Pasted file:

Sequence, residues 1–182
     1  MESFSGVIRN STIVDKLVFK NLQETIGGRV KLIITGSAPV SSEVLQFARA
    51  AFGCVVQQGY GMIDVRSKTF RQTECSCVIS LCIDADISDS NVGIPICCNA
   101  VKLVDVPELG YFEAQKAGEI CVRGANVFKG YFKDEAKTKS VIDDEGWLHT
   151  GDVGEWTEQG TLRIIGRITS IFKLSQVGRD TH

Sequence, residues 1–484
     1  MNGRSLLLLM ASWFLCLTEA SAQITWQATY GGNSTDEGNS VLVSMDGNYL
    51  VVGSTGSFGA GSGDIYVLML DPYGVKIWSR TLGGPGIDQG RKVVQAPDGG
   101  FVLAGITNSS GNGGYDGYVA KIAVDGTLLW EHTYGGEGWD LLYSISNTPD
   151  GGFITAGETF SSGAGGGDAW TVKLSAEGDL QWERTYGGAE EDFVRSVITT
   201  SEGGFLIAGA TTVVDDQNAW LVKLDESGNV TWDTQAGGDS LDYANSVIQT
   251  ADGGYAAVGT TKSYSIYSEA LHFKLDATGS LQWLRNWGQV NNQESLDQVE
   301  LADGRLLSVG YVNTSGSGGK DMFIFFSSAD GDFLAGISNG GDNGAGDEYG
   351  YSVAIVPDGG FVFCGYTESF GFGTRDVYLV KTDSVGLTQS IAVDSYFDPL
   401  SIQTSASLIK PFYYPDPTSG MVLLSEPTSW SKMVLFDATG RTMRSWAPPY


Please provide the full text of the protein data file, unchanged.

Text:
Sequence, residues 1–182
     1  MESFSGVIRN STIVDKLVFK NLQETIGGRV KLIITGSAPV SSEVLQFARA
    51  AFGCVVQQGY GMIDVRSKTF RQTECSCVIS LCIDADISDS NVGIPICCNA
   101  VKLVDVPELG YFEAQKAGEI CVRGANVFKG YFKDEAKTKS VIDDEGWLHT
   151  GDVGEWTEQG TLRIIGRITS IFKLSQVGRD TH

Sequence, residues 1–484
     1  MNGRSLLLLM ASWFLCLTEA SAQITWQATY GGNSTDEGNS VLVSMDGNYL
    51  VVGSTGSFGA GSGDIYVLML DPYGVKIWSR TLGGPGIDQG RKVVQAPDGG
   101  FVLAGITNSS GNGGYDGYVA KIAVDGTLLW EHTYGGEGWD LLYSISNTPD
   151  GGFITAGETF SSGAGGGDAW TVKLSAEGDL QWERTYGGAE EDFVRSVITT
   201  SEGGFLIAGA TTVVDDQNAW LVKLDESGNV TWDTQAGGDS LDYANSVIQT
   251  ADGGYAAVGT TKSYSIYSEA LHFKLDATGS LQWLRNWGQV NNQESLDQVE
   301  LADGRLLSVG YVNTSGSGGK DMFIFFSSAD GDFLAGISNG GDNGAGDEYG
   351  YSVAIVPDGG FVFCGYTESF GFGTRDVYLV KTDSVGLTQS IAVDSYFDPL
   401  SIQTSASLIK PFYYPDPTSG MVLLSEPTSW SKMVLFDATG RTMRSWAPPY